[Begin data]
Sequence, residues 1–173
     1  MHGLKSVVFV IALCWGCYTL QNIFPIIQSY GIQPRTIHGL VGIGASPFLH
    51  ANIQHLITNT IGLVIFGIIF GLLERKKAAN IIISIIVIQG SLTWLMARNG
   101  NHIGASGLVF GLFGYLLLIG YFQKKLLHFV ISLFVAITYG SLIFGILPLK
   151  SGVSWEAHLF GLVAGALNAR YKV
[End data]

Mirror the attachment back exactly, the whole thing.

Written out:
Sequence, residues 1–173
     1  MHGLKSVVFV IALCWGCYTL QNIFPIIQSY GIQPRTIHGL VGIGASPFLH
    51  ANIQHLITNT IGLVIFGIIF GLLERKKAAN IIISIIVIQG SLTWLMARNG
   101  NHIGASGLVF GLFGYLLLIG YFQKKLLHFV ISLFVAITYG SLIFGILPLK
   151  SGVSWEAHLF GLVAGALNAR YKV